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N900 portrait keyboard for Witter

June 5, 2010

Recently Nokia released the much awaited pr 1.2 firmware for the N900, and among the many bug fixes and tweaks, came the ability to easily rotate applications to portrait by hitting ctrl+shift+r, then closing the keyboard and rotating to portrait. This feature had the knock on effect that I started to look seriously at portrait support in Witter, where upon I quickly found a pre-canned python module that I could just include to get persistent portrait support available from the talk.maemo.org forums

No sooner had I got witter in portrait mode, than the obvious next step was suggested…. what about some way to actually tweet in portrait. For those not familiar with Maemo and the N900, although it does now support some appliactions such as the browser going portrait, there is no system wide on screen keyboard for portrait use. There is one for landscape (despite having a physical keyboard for landscape use) but not in portrait. this has left application developers to provide their own. This is deeply dissatisfying as an approach, however keen to provide a meaningful portrait use for Witter, I decided to go ahead and implement my own.

So how to go about it? Well it actually not very hard at all, just very boring. Basically a ‘keyboard’ is just a bunch of buttons, all wired to emit a signal with a single letter, number or symbol associated. So that’s 26 button definitions, 3 lines per definition (create object, set title, connect signal to emit character) just to do all the lower case letters. So far that’s a little under 600 lines of code, to provide upper and lower case letters, plus a keyboard with numbers and some of the more obvious symbols, plus some mode shifting buttons. Most of this is of course copy’n’paste work, with single character adjustments but in a desire to not have generic and confusing object names I also had to name all of them appropriately. In all it was a couple of hours work.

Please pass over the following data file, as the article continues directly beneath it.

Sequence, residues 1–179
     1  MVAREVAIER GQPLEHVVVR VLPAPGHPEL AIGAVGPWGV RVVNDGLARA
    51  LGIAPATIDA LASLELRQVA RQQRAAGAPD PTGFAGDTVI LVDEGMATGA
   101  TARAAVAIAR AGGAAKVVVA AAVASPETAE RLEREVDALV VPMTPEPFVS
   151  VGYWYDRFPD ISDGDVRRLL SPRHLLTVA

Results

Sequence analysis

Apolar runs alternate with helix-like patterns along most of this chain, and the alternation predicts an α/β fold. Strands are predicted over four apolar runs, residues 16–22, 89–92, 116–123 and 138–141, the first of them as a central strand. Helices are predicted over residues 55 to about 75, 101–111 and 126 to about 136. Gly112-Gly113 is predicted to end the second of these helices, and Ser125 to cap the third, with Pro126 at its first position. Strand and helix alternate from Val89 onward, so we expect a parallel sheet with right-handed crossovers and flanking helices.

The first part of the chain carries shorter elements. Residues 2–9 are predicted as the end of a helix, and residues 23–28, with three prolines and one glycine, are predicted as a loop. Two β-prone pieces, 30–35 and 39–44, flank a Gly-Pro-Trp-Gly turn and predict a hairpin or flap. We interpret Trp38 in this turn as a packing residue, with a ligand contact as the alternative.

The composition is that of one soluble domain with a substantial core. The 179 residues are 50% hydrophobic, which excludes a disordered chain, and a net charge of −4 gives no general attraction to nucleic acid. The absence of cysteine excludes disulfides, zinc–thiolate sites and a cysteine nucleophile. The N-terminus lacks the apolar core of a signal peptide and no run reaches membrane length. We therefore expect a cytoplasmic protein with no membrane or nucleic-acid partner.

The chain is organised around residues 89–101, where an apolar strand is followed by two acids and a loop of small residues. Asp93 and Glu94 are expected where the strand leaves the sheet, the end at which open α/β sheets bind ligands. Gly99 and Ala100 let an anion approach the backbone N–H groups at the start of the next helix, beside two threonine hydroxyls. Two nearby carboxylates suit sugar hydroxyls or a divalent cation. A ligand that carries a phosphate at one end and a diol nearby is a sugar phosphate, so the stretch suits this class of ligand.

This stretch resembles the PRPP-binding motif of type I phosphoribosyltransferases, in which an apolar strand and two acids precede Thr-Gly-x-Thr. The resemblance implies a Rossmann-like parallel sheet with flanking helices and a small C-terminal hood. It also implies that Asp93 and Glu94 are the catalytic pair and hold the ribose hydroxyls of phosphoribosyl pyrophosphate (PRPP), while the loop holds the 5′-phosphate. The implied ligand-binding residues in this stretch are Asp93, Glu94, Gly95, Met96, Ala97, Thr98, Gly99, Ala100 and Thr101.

The implementation is a fairly simple architecture, The main witter layout has a single gtk.VBox which is the main contained for the keyboard. It defaults to empty and invisible.
Each keyboard layout comes with two methods, one to define all the objects, and a wrapper which calls it then requests that the gtk.VBox and all it’s children become visible. This is separated into two because it is helpful to be able to initialise the keyboard objects separately from choosing whether they should currently be visible or not. The main definition method starts by destroying everything already inside the top level gtk.VBox. This means each layout can have a different number of rows as wells as different content in them.

Each button is created like this:
q = hildon.Button(gtk.HILDON_SIZE_FINGER_HEIGHT,
hildon.BUTTON_ARRANGEMENT_VERTICAL)
q.set_title(‘q’)
q.connect(“clicked”, self.TypeLetter, “q”)

The interesting code actually occurs in TypeLetter, because there are a few subtle behaviours that people expect from a text entry field that aren’t that obvious. For instance you want to be able to select any point in the existing string, and enter or delete text from that point, not just add characters onto the end.

def TypeLetter(self, widget,  letter):
    #get the position of the current cursor
    pos = self.tweetText.get_position()
    #get the current text string
    text = self.tweetText.get_text()
    #if passed special delete eye catcher we are actually deleteing characters
    if (letter =="*delete*"):

        self.tweetText.set_text(text[0:pos-1]+text[pos:len(text)])
        self.setCursorAt(pos-1);
    else:
        #normal entry of text at the selected pos
        self.tweetText.set_text(text[0:pos]+letter+text[pos:len(text)])
        self.setCursorAt(pos+1);